My Bag Is Killing Me
The above headline comes from an article in the December 7, 2006 New York Times and describes a growing concern that women's bags are growing bigger and creating more spinal problems. The article interviews several experts who seem to agree that women's bags are getting heavier and therefore putting more pressure on their spines.
Dr. Karen Erickson, a chiropractor who has a private practice in New York City and also serves as a spokeswoman for the American Chiropractic Association, stated, "In the last year or so, I've been seeing the same kinds of issues with adult women that I'm used to seeing with kids who carry heavy backpacks on one shoulder. They're experiencing neck pain, not just while they're carrying their purses, but all the time. A lot of women even get bad headaches.” She also reported, "Lately, when a patient comes in complaining of these symptoms, I walk over and pick up her purse. Without fail, it weighs a ton."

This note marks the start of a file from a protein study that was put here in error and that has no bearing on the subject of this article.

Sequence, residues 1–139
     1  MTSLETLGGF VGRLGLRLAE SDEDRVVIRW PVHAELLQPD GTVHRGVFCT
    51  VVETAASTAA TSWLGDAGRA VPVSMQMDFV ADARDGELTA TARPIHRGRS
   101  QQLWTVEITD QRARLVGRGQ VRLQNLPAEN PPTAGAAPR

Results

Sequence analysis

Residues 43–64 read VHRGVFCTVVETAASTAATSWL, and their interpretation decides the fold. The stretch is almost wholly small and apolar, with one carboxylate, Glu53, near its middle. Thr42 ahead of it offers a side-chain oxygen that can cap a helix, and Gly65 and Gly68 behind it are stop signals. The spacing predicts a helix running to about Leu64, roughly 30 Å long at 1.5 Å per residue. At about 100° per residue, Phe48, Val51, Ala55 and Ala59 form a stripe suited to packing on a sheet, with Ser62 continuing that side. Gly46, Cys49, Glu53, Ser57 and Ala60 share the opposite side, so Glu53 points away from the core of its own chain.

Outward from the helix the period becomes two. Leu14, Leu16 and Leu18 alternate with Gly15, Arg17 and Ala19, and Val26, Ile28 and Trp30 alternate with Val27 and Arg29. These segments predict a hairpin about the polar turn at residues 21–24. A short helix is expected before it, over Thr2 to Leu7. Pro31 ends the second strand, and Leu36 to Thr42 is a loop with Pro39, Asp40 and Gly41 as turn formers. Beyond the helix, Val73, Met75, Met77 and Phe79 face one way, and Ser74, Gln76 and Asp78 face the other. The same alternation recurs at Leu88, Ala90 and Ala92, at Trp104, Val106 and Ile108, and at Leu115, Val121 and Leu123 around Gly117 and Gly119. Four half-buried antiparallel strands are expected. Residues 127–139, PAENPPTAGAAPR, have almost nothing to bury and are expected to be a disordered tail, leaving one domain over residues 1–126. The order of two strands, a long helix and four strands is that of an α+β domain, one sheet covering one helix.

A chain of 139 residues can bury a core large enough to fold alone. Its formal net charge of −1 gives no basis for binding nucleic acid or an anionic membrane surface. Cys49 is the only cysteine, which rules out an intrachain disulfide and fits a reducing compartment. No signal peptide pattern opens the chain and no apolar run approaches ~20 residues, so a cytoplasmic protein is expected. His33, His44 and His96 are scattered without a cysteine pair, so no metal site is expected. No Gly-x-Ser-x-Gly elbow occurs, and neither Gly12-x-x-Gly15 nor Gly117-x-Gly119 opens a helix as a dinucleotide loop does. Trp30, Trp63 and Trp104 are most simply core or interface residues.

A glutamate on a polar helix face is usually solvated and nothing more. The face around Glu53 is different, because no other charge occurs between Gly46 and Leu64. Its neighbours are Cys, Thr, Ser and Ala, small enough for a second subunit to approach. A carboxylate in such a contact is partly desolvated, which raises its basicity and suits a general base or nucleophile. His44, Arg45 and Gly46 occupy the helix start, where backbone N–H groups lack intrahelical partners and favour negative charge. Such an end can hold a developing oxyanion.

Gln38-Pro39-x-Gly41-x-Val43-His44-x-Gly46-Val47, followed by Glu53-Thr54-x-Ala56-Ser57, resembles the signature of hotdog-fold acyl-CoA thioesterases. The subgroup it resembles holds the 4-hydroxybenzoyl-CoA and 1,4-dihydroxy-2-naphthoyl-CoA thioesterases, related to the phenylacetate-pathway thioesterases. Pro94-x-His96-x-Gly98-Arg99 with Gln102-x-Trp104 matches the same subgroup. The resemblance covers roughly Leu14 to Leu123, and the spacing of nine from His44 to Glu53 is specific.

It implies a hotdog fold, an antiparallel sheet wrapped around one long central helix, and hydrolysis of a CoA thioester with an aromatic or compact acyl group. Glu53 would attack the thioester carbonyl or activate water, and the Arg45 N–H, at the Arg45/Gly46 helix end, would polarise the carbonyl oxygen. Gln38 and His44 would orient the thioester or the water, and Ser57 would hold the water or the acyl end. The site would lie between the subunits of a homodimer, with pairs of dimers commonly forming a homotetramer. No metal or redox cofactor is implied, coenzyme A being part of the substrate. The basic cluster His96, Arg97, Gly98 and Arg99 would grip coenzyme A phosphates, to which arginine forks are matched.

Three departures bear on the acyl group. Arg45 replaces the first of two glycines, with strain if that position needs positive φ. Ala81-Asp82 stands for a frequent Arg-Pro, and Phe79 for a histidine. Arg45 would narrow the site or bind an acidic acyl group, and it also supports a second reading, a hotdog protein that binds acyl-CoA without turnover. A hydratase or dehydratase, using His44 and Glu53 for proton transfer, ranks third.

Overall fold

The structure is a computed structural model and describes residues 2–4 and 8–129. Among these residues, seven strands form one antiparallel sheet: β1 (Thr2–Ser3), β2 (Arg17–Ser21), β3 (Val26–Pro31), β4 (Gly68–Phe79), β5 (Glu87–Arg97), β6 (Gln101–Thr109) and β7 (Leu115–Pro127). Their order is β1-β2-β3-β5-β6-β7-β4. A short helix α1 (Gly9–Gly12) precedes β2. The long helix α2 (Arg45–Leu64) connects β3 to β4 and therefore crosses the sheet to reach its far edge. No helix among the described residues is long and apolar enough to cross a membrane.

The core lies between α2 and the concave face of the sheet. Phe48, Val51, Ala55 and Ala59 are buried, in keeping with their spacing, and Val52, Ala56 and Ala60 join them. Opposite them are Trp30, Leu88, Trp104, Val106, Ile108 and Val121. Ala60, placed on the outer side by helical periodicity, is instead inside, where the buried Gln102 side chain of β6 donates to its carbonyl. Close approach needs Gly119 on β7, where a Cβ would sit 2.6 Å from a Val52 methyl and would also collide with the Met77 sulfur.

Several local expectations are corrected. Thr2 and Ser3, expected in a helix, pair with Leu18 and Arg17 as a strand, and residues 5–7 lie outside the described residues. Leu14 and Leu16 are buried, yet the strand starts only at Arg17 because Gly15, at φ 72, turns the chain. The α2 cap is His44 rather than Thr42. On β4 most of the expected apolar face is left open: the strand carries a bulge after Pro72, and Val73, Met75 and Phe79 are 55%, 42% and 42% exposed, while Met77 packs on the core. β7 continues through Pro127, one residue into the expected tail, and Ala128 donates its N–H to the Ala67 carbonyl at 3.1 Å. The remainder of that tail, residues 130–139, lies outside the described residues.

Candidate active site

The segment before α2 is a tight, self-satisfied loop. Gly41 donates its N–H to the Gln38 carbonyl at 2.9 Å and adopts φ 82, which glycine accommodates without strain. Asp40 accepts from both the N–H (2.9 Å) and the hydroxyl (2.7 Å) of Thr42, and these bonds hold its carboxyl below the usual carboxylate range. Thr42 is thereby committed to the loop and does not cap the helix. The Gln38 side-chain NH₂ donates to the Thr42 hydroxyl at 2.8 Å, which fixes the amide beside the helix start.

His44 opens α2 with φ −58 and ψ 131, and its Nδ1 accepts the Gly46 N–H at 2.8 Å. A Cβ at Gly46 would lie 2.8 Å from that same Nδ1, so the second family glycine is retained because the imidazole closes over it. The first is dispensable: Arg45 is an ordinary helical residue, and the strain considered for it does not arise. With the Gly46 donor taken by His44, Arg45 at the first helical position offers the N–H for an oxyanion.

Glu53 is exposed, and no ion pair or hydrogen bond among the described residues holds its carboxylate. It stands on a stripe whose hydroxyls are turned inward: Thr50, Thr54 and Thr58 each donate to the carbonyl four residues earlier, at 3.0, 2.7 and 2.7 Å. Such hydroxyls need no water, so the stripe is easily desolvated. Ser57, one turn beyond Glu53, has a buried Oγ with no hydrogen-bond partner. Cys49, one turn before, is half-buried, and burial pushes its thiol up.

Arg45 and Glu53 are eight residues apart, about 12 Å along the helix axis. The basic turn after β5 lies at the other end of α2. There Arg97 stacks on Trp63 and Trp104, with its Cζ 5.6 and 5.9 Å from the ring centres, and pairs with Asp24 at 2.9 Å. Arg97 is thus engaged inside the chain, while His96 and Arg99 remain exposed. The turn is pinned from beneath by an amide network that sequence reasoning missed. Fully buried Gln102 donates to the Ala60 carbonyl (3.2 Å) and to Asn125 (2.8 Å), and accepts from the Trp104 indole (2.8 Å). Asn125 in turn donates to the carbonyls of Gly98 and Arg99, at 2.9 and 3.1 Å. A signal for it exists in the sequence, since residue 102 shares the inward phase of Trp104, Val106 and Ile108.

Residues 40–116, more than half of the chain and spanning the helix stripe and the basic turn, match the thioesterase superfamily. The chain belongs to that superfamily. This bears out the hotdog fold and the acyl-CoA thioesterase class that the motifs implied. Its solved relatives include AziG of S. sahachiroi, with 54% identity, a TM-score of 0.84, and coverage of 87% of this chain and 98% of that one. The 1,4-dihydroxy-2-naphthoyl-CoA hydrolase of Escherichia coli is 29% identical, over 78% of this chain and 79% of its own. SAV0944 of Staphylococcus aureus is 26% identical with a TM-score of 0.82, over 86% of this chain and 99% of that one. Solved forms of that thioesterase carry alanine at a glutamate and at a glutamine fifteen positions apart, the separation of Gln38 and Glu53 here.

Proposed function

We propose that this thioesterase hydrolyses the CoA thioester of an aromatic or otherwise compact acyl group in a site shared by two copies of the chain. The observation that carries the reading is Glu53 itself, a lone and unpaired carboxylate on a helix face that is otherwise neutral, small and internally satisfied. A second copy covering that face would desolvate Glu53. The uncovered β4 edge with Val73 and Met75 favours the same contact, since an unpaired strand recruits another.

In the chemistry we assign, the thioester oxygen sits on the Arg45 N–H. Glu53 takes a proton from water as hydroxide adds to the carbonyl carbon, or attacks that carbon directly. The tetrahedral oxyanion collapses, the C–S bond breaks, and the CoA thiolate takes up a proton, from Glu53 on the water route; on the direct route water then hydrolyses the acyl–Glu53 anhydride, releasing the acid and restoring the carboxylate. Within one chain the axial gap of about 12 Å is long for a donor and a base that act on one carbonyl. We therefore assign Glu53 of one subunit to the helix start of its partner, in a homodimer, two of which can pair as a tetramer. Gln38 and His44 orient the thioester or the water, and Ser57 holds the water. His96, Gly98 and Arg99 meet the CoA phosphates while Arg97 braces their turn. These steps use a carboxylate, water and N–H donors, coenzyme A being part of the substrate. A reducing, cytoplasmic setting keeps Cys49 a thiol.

Dr. Marta Callotta, a chiropractor in Long Beach, California, who was also interviewed for the article, said that she advises patients to clean out their purses once a week. She added, "At the end of the day, handbags are one of the biggest culprits for back pain right now. For a year patients have been coming in to me with these giant purses and complaints of soreness. This will keep happening until the trend dies down.”
Dr. Erickson, the chiropractor in Manhattan recommends that women who insist on carrying oversized or overweight bags should alternate the shoulders they carry the bag on. She also suggested that women may want to consider carrying the bag in the middle. However, she noted this suggestion may not be so popular. "It's not exactly glamorous, but if at the end of a long day you find your shoulders aching, slip the bag off and carry it in front of your body with both arms like it's an infant,"